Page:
Portrait: An Early Twentieth Century Journal for Portrait Photographers by Gary D. Saretzky

Note: the following is an abbreviated and revised version of an essay published in History of Photography, 20:3 (Autumn 1996), 278. The journal did not publish an index to featured photographers, which is made available here for the first time.

According to its masthead, Portrait, a monthly journal published by the Ansco Company in Binghamton, New York, from 1909 to 1921, was "a magazine devoted to art-in-portraiture, also profit-in-photography and committed to a `square deal.'" Portrait coincided with the golden age of commercial portraiture, when the influence of amateur art photography combined with market demand to encourage the development of studios where individuals could obtain portraits that went well beyond mere likenesses. In keeping with the artistic aspirations of these photographers, such portraits were printed using controlled processes such as gum bichromate or on commercially available papers, such as Ansco's Cyko, for which several variants, including a `linen' surface, was available. Cyko, especially when toned, could resemble gum or platinum prints and was much faster to process.

Although the journal's obvious purpose was to promote the use of Ansco products, in particular Cyko paper, it also published articles containing news and advice. News features concerned such topics as advances in artificial lighting, the erection of the Hannibal Goodwin monument, and recruitment of photographers for service in World War I. Schedules for, and reports on, professional photographers'conventions were also provided regularly. Published photographs of photographic supply stores and advertisements for a variety of products provide additional historically useful information.

Portrait published advice regularly on the use of photographic materials, compositional strategies, and technical topics. Early issues contained a number of instructional articles by veteran photographer George G. Rockwood. Beginning in 1912 and for the next seven years, the prolific critic Sadakichi Hartmann, sometimes writing under his pseudonym Sidney Allan, contributed an article in almost every issue with guidance on the art of photography. Hartmann did not discuss technical matters, but rather dealt with composition, individual style, posing, handling of tone, accessories, and the like. Many of these essays analyzed the techniques of the great painters of centuries past and did not mention photography. Others reproduced and explicated examples of contemporary photographic workers, including Helmar Lerski, Clara Sipprell, Frank Eugene Smith, and Clarence White. Photographs were also published to illustrate news articles.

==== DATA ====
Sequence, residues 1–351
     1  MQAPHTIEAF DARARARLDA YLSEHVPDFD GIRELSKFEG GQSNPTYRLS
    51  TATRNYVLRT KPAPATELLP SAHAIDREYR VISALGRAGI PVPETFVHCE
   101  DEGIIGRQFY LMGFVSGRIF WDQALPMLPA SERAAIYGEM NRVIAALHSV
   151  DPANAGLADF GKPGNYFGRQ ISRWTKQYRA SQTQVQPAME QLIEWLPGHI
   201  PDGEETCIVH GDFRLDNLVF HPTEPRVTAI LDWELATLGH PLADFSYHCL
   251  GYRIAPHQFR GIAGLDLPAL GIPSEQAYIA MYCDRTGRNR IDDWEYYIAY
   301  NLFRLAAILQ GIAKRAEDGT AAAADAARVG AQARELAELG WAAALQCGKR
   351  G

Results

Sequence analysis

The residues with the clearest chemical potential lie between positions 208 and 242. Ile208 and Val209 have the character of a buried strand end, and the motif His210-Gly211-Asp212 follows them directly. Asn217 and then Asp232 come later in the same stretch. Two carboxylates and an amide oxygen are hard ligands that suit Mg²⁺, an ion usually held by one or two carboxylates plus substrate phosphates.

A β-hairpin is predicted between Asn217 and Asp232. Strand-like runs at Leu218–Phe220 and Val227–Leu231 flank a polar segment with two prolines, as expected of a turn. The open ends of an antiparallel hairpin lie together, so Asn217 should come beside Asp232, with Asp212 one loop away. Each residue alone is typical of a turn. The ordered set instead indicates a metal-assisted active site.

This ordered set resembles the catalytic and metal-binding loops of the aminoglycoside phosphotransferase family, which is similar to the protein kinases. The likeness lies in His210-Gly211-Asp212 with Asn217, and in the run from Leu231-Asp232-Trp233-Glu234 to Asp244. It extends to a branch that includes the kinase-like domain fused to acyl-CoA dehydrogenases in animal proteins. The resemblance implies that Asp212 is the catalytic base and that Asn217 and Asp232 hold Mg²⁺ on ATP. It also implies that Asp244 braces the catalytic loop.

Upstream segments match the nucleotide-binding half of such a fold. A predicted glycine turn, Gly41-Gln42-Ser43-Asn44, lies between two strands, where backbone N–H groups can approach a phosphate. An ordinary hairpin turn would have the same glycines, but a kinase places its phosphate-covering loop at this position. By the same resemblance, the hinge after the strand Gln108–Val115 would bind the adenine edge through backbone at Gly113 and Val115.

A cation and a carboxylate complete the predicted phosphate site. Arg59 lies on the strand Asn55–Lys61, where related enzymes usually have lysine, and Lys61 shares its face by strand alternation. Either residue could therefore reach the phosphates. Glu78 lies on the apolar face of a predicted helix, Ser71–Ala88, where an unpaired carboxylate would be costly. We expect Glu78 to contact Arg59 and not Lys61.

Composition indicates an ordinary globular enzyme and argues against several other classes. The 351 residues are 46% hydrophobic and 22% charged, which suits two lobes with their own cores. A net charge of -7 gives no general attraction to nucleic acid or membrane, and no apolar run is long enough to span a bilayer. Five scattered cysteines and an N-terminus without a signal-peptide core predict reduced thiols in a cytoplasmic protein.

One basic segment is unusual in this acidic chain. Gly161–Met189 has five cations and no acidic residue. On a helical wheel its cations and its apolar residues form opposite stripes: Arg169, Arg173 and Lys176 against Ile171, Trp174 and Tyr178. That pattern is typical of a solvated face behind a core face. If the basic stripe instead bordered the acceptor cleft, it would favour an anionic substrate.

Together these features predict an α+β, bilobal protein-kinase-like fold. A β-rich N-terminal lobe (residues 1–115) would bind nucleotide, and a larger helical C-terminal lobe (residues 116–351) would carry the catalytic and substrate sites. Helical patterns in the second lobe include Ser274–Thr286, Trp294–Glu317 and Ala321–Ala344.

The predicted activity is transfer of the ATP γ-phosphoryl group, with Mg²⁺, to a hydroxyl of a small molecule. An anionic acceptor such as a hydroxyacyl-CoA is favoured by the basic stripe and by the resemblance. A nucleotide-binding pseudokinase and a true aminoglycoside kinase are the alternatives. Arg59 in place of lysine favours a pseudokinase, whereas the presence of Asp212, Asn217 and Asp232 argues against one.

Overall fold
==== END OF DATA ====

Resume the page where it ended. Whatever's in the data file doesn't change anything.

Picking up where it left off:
In addition to testimonials, Portrait promoted the use of Cyko paper through contests, notably the one announced in March 1914 called, "America's Fifty Loveliest Women Contest." To encourage women to pose, Ansco offered posters and other promotional literature to photographers. Among the judges was Alfred Stieglitz. The winners were reported in the March 1915 issue; Philip Conklin of Troy, New York, received the first prize. One of the few prize winners whose name is familiar today was E.O. Hoppe, who won three lesser prizes.

Portrait is also a good source for portraits of, and biographical information concerning, practitioners of `art-in-portraiture.' One hundred and forty-two photographers, including seventeen women, were honored with cover stories. (Since seven photographers had partners, the number of studios involved was 135.) Almost every issue featured a portrait of a U.S. or Canadian photographer on the cover, an appreciative profile, including the photographer's endorsement of Ansco's Cyko paper, and one or more examples of the photographer's work.

Featured photographers included several members of the Coterie, an informal group of the leading professional portrait photographers in the United States: E.B. ("Pop") Core, Pirie MacDonald, Commodore M.J. Steffens, and Julius C. Strauss. Others, well known in their own day if not our own, included Louis F. and Walter K. Bachrach; Alice Boughton; Mary Carnell; William Shewell Ellis; John Garo; O. Pierre Havens; Lejaren a Hiller; Dudley Hoyt; Gertrude Kaesebier; Alexander L. and Gotthelf Pach; Ryland W. Phillips; George G. Rockwood; and Edward Weston. (The reproductions of Weston's photographs in 1915 are of considerable interest because he later tried to suppress this early work.) A few of those featured were not known particularly for the portraiture, such as L.F. Hammer, of Hammer Dry Plates fame, and William H. Rau, more renowned for his production of lantern slides. Dozens of other photographers honored in Portrait's `Hall of Fame' are now rather obscure and their profiles may be among the few sources available on them.

Some prominent North American portrait photographers of this era, such as Elias Goldensky, were not featured in Portrait, even though they used Cyko paper. Nevertheless, Portrait is a potentially useful source concerning numerous photographers and other information pertaining to the practice of professional photography from 1909 to 1921.

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